As seems to be the case across the sites on the island, don't expect to get any written information for free. Guides and books are available to buy from the ticket office and range in variety from the official guide at 6 Euro, to much more expensive academic treatises on the ancient history of Cyprus for 25 Euro. Credit and debit cards are accepted.
Once past the barrier, it's a short drive up the road, past the coach park to the main car park adjacent to a modern looking (but like the kiosk, sympathetically built) pavilion. We arrived late in the afternoon, around 5pm on a Friday. The site was relatively quiet at that time of day, with all of the cars parked haphazardly under the few trees offering shade from the waning sun. I followed suit.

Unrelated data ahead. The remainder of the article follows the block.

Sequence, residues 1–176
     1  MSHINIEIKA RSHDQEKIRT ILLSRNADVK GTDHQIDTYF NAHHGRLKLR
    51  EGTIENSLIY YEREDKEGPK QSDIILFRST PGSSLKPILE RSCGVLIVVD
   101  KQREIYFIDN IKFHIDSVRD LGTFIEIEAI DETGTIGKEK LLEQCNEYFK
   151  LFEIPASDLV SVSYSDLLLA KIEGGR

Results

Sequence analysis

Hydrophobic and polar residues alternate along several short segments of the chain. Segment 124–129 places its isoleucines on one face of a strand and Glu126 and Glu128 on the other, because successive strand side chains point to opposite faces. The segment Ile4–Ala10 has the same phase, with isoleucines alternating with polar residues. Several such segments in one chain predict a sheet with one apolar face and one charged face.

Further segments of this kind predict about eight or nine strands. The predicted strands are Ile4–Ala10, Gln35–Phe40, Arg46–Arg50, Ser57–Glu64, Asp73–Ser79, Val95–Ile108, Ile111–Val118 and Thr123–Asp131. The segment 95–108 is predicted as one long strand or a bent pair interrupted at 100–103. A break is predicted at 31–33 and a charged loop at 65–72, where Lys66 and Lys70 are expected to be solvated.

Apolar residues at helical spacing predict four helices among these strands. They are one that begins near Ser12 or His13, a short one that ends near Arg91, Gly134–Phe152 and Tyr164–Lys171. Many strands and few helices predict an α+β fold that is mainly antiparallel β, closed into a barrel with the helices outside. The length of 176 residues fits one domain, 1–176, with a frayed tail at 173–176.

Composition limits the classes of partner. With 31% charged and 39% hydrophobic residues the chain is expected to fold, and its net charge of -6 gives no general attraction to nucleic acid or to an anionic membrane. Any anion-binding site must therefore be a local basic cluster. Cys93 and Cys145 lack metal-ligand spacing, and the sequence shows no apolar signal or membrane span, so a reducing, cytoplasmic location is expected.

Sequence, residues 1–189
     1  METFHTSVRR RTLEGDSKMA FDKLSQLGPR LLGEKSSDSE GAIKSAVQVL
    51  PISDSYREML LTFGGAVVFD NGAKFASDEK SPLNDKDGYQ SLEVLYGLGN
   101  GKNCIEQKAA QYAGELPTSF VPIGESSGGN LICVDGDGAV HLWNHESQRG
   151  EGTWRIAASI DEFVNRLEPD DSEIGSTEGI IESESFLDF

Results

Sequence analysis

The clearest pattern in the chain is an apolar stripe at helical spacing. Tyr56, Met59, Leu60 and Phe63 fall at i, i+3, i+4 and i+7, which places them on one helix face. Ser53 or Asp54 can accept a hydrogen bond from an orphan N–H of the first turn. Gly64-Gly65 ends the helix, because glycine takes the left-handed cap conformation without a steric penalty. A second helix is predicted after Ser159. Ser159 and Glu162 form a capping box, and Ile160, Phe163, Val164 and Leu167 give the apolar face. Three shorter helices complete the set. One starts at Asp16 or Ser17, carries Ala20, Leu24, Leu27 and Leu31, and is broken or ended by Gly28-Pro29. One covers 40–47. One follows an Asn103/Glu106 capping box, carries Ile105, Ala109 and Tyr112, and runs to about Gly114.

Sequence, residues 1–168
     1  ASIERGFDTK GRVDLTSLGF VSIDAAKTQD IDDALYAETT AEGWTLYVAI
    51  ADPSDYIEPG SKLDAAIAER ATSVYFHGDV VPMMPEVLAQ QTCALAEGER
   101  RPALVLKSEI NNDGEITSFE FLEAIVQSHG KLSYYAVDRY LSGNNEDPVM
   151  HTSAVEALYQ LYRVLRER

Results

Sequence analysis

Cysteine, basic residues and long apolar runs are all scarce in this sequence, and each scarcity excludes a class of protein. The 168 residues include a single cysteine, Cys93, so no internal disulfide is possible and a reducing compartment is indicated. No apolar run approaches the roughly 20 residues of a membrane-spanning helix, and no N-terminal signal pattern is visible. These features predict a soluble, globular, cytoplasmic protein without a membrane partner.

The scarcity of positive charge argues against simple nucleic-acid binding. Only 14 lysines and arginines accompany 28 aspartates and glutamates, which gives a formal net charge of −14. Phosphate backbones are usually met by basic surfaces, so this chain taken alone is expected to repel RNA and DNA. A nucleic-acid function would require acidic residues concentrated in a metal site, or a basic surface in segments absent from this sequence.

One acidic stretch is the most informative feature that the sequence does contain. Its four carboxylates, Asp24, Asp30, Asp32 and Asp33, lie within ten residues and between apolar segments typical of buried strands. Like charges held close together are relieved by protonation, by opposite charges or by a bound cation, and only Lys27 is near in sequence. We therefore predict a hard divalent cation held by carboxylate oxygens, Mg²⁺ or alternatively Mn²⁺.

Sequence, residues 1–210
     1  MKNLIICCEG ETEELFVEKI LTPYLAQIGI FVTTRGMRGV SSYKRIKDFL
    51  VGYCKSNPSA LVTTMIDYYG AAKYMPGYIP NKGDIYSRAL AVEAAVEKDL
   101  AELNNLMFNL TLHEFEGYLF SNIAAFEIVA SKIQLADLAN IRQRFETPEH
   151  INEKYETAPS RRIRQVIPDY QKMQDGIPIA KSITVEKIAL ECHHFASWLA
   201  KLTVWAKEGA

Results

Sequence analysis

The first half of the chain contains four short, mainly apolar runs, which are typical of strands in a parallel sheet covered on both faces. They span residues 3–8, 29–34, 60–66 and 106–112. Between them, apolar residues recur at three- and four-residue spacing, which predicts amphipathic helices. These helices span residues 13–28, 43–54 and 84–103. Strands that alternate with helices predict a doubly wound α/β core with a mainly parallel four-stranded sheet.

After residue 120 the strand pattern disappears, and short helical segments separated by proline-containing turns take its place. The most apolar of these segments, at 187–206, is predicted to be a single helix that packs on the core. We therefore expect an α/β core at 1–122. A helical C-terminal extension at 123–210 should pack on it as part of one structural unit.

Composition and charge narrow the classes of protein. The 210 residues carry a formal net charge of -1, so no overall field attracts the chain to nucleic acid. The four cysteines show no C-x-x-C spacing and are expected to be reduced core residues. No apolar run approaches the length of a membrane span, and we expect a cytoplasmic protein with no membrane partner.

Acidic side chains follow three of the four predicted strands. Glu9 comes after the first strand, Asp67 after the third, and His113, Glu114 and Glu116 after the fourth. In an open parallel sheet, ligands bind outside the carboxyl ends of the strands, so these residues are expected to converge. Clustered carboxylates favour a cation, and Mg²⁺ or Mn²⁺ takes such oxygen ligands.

The area covered by the site is quite large and requires a good two or three hours of exploring to fully do it justice. It is also physically demanding, as the complex is built on a hill and the various sites are quite widely spread. We visited on our way back down to Larnaka from a three day mini-break in the Troodos mountains, so we arrived with a stroppy four year old and my very tired (and pregnant) wife in tow.
As such, giving it my full attention was not really an option. With limited time, I concentrated on investigating the main part of the complex closest to the pavilion - namely the ruins of the House of Eustolios, a rich Christian inhabitant of Kourion, which contains the best preserved mosaics, and the reconstructed amphitheatre. When we spilled out of the car, I left my wife to get my daughter an ice cream and made a beeline for the ruins of the House of Eustolios.
(I reluctantly missed the House of Achilles and the House of Gladiators, both of which are on the north-west part of the site and which also boast well-preserved mosaics, as well as the remains of the Roman agora (marketplace) and an early Christian basilica).
THE HOUSE OF EUSTOLIOS